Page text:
In a world – and a country – where there is still only a fraction of the political will we need to deal with climate change, it is particularly important that powerful companies like Mr Gore’s show leadership – not just with words, but with action.

Discovery’s annual reports don’t talk about climate change beyond acknowledging that it is a risk and reporting the company’s emissions. Discovery Group’s Environmental Policy, however, states that: “Discovery recognises that an effective response to climate change will require an informed and collaborative approach informed by research initiatives aimed at enhancing understanding of the risks of climate change on our business model and assessing the implications thereof“, and that “Discovery is committed to using our sphere of influence to promote environmental awareness and drive behavioural change among all stakeholders, particularly staff and clients.”

Discovery’s track record at developing ways to incentivise people to behave differently to improve their health and well-being puts it in a position to make a contribution to the fight against climate change, but it isn’t using the resources at its disposal to do this. In some respects, it is doing the opposite.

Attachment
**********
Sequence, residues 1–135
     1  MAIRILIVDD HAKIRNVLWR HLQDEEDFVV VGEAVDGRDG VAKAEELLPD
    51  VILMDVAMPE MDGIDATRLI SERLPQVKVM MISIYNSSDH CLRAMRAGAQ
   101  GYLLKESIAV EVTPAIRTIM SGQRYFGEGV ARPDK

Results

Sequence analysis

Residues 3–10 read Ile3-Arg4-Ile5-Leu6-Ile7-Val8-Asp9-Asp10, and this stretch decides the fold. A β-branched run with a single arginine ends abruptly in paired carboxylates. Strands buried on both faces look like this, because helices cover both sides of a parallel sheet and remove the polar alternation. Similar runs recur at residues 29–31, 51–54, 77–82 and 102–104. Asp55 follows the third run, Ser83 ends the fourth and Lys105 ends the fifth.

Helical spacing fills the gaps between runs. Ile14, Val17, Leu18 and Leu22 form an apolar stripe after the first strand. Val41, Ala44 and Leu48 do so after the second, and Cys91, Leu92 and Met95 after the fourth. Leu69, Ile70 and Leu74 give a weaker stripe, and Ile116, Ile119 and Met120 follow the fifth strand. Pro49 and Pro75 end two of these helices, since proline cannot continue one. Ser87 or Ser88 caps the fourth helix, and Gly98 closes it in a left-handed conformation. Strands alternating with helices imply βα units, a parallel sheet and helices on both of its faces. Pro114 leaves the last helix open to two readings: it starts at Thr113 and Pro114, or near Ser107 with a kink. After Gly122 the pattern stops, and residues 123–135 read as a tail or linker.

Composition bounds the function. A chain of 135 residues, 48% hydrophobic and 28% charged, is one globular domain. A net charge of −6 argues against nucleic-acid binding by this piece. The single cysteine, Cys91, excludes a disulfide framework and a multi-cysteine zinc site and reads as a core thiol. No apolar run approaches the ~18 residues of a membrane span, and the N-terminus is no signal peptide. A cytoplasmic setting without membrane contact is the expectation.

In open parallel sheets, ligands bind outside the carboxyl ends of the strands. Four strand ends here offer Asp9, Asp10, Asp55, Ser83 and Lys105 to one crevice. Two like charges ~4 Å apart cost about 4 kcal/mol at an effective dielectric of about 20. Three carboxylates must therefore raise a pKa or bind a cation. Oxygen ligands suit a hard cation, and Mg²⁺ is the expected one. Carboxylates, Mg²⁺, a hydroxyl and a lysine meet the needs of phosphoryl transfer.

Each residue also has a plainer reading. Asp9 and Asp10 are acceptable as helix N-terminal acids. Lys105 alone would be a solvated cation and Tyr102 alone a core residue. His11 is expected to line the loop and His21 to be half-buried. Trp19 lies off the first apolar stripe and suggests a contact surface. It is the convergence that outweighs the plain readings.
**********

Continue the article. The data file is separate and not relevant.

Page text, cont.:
For example, Mr Gore references our temporal bias: “unless the threat is immediate and visible, it is ignored. So we make that international flight, in spite of the fact that just one return flight from London to New York produces a greater carbon footprint than a whole year’s personal allowance needed to keep the climate safe.” Discovery’s Vitality programme rewards its members (full disclosure: myself included) with significantly cheaper flights, effectively incentivising customers to increase their carbon footprints. Ending this perk is one obvious way to change behaviour that is currently exacerbating the crisis.